Meet the #designersinresidence | Soomi Park explore the potential of robotics expressing human emotions https://t.co/009DRaz007 @Imoosplus pic.twitter.com/4zw5CzcBFa
— Design Museum (@DesignMuseum) May 3, 2017
A good story about current #DesignersinResidence @DesignMuseum in @nytimes ! https://t.co/tbFUrof21j cc: @chrishildrey @Yinkoos @studioayaskan
— Soomi Park (@Imoosplus) December 6, 2017
Studio Ayaskan is the collaboration between twin sisters Begum and Bike Ayaskan. Their experimental design practice draws from different disciplines to produce installations and products that explore the behaviour of materials and technologies. Inspired largely by nature, they are interested in the intricate balance found in cycles. Studio Ayaskan’s project, Transitions, responds to cycles found within nature. The designers are inspired by ecological systems, and how things are connected to one another, either supporting or offsetting the natural balance. The project consists of three evolving timepieces, each one testing and pushing the qualities of its materials. The designers experimented with heat, light, fluid dynamics and chemical reactions to alter the behaviour of these timepieces. Through the use of projectors, optical lenses and light, the objects create installations that transform their environments. The three pieces represent natural landscapes, referencing recurring cycles found in nature. These include the rise and fall of water levels, the refraction and dispersion of light, and the freeze and thaw cycles. The variations within these cycles are unpredictable: different conditions can transform the balance and create spontaneous fluctuations within the work.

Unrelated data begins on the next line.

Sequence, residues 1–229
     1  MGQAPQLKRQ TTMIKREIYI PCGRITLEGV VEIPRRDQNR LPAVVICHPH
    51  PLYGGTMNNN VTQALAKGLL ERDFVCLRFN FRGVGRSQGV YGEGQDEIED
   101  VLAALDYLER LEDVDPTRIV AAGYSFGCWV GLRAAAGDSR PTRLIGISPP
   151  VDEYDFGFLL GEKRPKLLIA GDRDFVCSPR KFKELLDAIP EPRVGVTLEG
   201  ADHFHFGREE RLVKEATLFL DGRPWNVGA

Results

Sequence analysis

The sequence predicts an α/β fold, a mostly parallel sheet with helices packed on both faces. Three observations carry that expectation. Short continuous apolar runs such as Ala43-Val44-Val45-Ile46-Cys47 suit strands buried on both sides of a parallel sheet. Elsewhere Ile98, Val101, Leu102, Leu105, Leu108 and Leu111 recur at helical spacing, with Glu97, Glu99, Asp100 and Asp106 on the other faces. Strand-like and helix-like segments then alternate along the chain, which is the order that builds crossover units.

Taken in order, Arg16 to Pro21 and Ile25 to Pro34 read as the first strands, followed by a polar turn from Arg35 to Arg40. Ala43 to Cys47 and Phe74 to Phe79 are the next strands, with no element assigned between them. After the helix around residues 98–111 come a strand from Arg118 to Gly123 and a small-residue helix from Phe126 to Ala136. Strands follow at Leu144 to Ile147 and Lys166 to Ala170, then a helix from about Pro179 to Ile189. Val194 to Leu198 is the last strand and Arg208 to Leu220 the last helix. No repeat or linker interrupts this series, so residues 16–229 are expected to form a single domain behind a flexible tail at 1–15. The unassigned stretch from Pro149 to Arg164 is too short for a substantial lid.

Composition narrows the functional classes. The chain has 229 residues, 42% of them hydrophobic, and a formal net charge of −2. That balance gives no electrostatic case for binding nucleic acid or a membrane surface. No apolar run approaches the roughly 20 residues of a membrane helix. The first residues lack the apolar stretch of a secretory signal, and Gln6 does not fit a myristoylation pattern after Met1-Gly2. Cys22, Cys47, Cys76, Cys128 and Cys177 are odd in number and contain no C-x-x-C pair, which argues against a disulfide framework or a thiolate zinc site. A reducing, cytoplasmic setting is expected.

Meet the #designersinresidence | @studioayaskan take inspiration from nature to create objects that evolve over time https://t.co/009DRaz007 pic.twitter.com/84cIPA4gm0
— Design Museum (@DesignMuseum) May 1, 2017
#Flashback |#Designersinresidence, @studioayaskan introduced their work inspired by nature & technology on Instagram https://t.co/TgPCQfROQZ pic.twitter.com/KcsQvzBuVe